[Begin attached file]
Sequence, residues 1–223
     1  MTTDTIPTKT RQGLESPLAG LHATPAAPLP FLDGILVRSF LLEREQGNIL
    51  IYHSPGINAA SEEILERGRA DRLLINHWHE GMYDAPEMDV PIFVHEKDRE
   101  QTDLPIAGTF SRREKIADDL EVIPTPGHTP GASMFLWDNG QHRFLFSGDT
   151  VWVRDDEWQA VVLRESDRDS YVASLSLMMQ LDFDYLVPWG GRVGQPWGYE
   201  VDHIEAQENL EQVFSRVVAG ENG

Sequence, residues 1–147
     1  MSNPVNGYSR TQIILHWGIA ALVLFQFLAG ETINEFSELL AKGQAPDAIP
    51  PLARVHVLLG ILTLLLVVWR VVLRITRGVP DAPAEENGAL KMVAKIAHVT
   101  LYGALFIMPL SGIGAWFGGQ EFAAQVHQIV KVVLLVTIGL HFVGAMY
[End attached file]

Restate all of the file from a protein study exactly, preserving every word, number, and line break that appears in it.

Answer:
Sequence, residues 1–223
     1  MTTDTIPTKT RQGLESPLAG LHATPAAPLP FLDGILVRSF LLEREQGNIL
    51  IYHSPGINAA SEEILERGRA DRLLINHWHE GMYDAPEMDV PIFVHEKDRE
   101  QTDLPIAGTF SRREKIADDL EVIPTPGHTP GASMFLWDNG QHRFLFSGDT
   151  VWVRDDEWQA VVLRESDRDS YVASLSLMMQ LDFDYLVPWG GRVGQPWGYE
   201  VDHIEAQENL EQVFSRVVAG ENG

Sequence, residues 1–147
     1  MSNPVNGYSR TQIILHWGIA ALVLFQFLAG ETINEFSELL AKGQAPDAIP
    51  PLARVHVLLG ILTLLLVVWR VVLRITRGVP DAPAEENGAL KMVAKIAHVT
   101  LYGALFIMPL SGIGAWFGGQ EFAAQVHQIV KVVLLVTIGL HFVGAMY